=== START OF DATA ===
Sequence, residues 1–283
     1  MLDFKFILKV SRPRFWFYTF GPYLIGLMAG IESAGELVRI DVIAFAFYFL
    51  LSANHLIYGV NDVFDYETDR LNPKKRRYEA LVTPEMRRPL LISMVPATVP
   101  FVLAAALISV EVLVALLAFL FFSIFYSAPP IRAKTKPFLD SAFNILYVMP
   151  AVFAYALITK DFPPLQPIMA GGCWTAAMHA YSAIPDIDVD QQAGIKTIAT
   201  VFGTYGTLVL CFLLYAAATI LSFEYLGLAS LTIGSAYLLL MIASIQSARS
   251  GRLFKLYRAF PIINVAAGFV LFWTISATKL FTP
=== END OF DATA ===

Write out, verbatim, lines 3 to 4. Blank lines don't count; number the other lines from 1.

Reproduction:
    51  LSANHLIYGV NDVFDYETDR LNPKKRRYEA LVTPEMRRPL LISMVPATVP
   101  FVLAAALISV EVLVALLAFL FFSIFYSAPP IRAKTKPFLD SAFNILYVMP